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National Presto Industries Inc. Message Board

  • FreeCashFlow FreeCashFlow Mar 17, 2000 11:34 AM Flag


    1. By the time the NASDAQ reaches 6000, Britney
    Spears will have gray hair. I know I said the same thing
    about NASDAQ 4300 and 5000, but I will be right this
    time. Really. :)
    2. By the time the DJIA reaches
    12,000, Leonardo DiCaprio will be using Centrum
    3. The DJIA, S&P 400, and S&P 500 will lose 85%-90%
    in the coming bear market.
    4. The vast majority
    of Internut stocks will lose at least 99% of their
    value. (Just don't ask me which ones.) If bear markets
    are tornadoes, then Internut stocks are mobile
    5. At the bottom of the next bear market, all of
    today's bulls will have a mysterious case of amnesia when
    you try to justify the next bull market with low
    valuations and the productivity that technology
    6. NPK management will FINALLY scrap the dividend
    and sell products online.
    7. Warren Buffett will
    buy NPK.
    8. With or without Warren Buffett, NPK
    stock will skyrocket. Just don't ask me when.

    SortNewest  |  Oldest  |  Most Replied Expand all replies
    • I think NPK is still buying its stock back but at a very slow rate. With such a low price and so much cash, they could afford to be much more agressive in their buyback program such as SKY and TPL.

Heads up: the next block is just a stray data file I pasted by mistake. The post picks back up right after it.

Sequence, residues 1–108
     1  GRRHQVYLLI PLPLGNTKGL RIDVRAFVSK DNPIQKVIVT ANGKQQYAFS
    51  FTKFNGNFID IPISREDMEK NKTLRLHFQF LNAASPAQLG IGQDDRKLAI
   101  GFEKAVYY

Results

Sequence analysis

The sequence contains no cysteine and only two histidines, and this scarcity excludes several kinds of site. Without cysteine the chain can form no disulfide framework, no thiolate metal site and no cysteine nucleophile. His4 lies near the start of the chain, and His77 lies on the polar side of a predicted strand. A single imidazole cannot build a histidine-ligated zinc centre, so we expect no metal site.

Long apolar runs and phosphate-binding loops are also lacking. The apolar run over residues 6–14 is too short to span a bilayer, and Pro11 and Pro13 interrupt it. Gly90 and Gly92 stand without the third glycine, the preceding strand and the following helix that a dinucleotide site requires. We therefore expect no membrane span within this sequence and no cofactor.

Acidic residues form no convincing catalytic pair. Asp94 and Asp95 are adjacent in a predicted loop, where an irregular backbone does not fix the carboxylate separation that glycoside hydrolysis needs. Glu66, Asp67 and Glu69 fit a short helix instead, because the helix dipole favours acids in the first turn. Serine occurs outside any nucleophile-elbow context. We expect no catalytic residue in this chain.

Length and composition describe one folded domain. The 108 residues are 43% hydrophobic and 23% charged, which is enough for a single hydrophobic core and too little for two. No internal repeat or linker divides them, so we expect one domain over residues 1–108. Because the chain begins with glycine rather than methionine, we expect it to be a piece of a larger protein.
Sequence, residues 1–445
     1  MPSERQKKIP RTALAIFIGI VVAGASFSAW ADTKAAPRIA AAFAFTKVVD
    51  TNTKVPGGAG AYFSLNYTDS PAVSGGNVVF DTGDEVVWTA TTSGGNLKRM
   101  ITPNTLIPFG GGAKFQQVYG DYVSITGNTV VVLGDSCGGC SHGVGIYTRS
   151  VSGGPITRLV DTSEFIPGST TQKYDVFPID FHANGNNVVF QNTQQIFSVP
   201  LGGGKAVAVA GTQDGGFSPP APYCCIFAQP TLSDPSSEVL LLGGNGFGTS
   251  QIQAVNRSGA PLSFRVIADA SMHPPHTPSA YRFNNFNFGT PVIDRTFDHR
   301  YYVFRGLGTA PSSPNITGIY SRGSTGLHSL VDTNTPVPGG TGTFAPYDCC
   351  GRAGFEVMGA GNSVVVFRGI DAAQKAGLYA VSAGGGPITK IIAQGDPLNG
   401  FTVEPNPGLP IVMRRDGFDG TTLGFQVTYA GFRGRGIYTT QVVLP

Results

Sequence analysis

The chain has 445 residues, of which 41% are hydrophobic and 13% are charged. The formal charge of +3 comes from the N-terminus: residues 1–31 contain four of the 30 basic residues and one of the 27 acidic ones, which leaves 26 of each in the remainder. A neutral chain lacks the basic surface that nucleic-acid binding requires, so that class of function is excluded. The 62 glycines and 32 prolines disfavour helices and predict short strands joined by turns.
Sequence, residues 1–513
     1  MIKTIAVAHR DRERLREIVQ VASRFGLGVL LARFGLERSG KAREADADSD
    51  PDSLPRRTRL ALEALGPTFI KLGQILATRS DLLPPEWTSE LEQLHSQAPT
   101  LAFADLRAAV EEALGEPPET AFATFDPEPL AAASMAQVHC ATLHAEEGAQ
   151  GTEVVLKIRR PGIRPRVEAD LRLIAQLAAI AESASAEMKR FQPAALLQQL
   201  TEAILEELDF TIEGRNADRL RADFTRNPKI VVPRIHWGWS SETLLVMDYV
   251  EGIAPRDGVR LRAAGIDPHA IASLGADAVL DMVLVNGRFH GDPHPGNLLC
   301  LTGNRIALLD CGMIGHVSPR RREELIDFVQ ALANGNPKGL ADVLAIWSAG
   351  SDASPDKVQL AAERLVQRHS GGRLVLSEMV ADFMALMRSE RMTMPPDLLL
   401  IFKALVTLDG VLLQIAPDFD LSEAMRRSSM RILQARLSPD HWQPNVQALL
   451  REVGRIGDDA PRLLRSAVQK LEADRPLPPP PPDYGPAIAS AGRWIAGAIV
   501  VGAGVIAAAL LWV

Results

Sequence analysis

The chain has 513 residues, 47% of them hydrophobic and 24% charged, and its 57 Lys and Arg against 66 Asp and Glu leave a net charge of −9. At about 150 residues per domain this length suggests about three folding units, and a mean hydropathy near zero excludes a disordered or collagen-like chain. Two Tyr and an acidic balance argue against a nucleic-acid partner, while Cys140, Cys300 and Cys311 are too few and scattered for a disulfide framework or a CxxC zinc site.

• Anyone know if NPK is still repurchasing their stock? They have over $230 million in cash,about $30 a share in cash and no long term debt.

    • FreeCashFlow has once again demonstrated his
      willingness to make predictions that are either wrong or

      Free, what you fail to understand about
      the internet stocks is the fact that they are
      supported by more than just the wackiness of the people
      buying the stocks. Many are optionable or contained in
      indexes or also have convertible securities outstanding.
      Thus, there is a vast amount of hedging underway and
      the price changes (up or down) are most welcome.
      Clearly many will fail simply because the business models
      are ridiculous, but that's not equivalent to
      investors taking a beating, which seems to be your mantra.
      Many investors have set the stage to profit from the
      coming declines in these equities. And if you care to
      know which ones are headed down, a good list to review
      was published in the latest Barron's.

      cares if NPK sells products online? Don't forget they
      are not currently prepared to operate as an online
      retail operation. Not that they couldn't afford to
      attempt such a strategy, but the ossified management has
      no history for such departures from the
      tried-and-true. However, the tried-and-true has become the TIRED
      and true!

      Warren Buffett wouldn't bother with
      an issue having such a small market capitalization
      and limited growth prospects. But if he thought he
      could get his hands on the balance sheet to shake loose
      some of the cash, he might give it a thought. But then
      wouldn't we all.

      Free, one of the reasons stocks go
      up is investor enthusiasm for exciting corporate
      strategies. Even a kitchen utensil business can be exciting